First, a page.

Since the dawn of history and for ages before no doubt, men have differed widely upon religion, and today are, perhaps, further apart than ever upon the subject purely as a supernatural institution or definite religious system. The common ground upon which all good men of all beliefs have met is mortality, embracing all the virtues- honesty, charity, kindness and a willingness to extend a helping hand at all times to the widow and orphan, the poor, the sick, and the unfortunate. Few men are perfect; those who pretend to be are usually less than those who do not. But it is true that “charity covers a multitude of sins,” and those who give to the suffering the sick and the need certainly stone for those faults and shortcomings that are common to all the human family.
   No man in the community did more to help the poor, the sick and needy than Mr. Morris. He seldom gave anything to aid movements that would be of no benefit to poor people. Usually he was very gruff and short in refusing to subscribe to those institutions that take great pains to advertise those who donate.  He sought to establish a reputation as a man who would not give. And yet he did give more of his substance to the worthy and needy poor than any other individual in this community. He gave it in his own way,  but he gave more than any other.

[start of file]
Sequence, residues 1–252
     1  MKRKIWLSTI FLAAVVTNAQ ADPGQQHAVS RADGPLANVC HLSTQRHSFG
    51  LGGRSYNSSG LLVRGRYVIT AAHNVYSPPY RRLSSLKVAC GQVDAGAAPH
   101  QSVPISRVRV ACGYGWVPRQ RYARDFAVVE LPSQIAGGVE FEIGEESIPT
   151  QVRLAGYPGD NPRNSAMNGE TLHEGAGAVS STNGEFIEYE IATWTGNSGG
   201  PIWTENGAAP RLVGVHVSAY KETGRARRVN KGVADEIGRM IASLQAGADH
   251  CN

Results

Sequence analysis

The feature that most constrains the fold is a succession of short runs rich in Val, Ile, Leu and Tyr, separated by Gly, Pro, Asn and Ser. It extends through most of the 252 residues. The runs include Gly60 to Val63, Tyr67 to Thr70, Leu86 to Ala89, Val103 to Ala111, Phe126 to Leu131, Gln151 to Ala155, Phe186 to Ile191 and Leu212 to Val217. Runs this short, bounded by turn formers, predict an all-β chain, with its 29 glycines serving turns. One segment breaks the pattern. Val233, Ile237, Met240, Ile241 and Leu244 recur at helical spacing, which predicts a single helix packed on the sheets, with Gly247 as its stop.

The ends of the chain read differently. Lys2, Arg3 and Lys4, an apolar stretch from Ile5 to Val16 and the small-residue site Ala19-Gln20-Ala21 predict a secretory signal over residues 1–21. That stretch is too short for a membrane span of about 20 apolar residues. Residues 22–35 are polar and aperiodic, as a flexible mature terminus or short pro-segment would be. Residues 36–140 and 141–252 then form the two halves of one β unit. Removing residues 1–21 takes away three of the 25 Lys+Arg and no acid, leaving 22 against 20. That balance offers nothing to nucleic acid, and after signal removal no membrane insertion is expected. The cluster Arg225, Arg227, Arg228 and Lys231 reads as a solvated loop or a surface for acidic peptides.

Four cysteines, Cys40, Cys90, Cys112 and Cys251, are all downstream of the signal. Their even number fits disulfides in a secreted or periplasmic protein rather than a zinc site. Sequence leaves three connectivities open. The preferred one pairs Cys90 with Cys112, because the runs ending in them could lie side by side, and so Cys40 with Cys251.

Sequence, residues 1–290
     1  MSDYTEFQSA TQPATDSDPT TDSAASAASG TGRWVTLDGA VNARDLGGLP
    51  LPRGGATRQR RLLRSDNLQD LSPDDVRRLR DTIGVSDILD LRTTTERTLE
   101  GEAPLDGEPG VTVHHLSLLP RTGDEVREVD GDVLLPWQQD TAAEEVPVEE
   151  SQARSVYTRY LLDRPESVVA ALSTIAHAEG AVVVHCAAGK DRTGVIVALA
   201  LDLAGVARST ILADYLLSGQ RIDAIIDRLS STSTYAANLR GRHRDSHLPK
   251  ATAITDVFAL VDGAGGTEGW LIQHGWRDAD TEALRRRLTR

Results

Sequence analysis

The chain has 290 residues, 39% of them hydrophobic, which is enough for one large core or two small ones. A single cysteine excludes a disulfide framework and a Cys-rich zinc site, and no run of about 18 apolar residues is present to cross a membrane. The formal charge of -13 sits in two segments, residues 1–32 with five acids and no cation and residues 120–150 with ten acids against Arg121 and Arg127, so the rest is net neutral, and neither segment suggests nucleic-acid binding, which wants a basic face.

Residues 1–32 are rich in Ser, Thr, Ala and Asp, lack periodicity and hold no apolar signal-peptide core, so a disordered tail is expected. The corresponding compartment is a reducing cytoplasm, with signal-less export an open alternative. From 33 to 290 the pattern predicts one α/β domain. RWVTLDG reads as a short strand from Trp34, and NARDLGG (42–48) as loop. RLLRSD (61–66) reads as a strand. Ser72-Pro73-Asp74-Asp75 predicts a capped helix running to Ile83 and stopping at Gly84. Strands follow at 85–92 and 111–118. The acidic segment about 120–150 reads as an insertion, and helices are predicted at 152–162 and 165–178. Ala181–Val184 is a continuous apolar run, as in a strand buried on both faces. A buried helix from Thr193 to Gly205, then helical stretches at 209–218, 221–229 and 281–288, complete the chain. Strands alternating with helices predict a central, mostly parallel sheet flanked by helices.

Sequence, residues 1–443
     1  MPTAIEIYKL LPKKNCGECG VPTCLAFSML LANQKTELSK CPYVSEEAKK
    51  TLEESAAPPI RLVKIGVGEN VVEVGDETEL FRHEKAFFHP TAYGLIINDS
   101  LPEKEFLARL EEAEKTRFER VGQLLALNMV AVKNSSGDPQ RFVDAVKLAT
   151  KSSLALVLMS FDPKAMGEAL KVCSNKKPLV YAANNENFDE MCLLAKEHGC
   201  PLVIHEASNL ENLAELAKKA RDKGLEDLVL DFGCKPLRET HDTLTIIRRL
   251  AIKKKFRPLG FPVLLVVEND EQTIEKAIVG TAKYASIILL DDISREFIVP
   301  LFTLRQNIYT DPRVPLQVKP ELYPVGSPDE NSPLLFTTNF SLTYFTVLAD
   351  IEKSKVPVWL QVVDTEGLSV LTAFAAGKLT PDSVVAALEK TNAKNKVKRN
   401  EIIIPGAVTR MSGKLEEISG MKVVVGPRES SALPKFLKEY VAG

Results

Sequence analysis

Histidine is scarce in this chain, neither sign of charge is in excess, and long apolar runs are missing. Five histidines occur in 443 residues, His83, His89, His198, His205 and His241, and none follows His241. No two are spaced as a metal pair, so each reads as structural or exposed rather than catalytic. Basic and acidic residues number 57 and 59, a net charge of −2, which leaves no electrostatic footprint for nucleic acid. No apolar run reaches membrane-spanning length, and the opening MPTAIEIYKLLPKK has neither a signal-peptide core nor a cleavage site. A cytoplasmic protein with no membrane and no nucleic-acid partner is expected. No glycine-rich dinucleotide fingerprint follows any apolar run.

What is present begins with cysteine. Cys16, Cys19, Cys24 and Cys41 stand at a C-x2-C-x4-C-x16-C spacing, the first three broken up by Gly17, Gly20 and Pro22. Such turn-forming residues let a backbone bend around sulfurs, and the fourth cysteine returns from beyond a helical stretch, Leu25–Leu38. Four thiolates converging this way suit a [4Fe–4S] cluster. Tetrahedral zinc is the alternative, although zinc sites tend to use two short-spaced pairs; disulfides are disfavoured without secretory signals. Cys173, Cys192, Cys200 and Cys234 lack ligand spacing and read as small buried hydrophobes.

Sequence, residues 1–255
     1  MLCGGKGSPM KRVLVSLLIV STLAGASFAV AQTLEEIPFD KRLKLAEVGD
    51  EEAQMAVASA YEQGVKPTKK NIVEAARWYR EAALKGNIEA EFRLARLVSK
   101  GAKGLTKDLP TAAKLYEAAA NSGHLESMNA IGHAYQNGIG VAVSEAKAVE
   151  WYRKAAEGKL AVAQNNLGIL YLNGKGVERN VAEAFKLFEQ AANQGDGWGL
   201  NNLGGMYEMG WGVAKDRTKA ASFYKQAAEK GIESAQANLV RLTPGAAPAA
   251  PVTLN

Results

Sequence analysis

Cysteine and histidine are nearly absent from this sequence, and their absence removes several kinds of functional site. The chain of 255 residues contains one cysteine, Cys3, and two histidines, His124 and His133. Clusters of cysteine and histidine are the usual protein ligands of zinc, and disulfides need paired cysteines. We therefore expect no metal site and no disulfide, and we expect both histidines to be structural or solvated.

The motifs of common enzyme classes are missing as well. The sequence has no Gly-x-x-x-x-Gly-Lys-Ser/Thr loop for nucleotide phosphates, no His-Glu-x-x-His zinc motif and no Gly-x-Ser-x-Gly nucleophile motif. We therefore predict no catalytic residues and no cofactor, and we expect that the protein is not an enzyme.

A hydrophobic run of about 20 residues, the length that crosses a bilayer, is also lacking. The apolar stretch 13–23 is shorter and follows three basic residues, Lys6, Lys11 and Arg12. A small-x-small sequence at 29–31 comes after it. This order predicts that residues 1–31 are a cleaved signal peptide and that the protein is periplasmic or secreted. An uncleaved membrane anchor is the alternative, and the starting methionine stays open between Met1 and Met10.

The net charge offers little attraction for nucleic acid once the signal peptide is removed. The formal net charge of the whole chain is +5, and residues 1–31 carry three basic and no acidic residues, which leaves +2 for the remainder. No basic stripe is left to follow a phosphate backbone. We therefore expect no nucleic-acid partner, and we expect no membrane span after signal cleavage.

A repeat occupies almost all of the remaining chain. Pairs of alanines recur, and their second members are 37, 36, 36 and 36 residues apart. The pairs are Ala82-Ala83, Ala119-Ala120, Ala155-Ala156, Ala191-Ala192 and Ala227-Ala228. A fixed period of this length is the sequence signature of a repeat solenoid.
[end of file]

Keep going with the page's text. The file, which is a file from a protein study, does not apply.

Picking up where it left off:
Upon the day of his funeral it was remarked by everyone that large numbers of the poor class of people lined the streets as the funeral passed. One man who associated with him in a business way made the statement that there was no doubt but what he gave more to the poor than all other people in the town combined.
   A man who has such tributes as these paid him upon the day of his funeral, does not need any other.
He who has helped the poor largely from his means, who has fed the hungry, ministered to the sick and suffering, stayed the hand of want, protected the widow and orphan, the mother and the helpless child, has been a good man, no matter though his enemies deride and his foes condemn.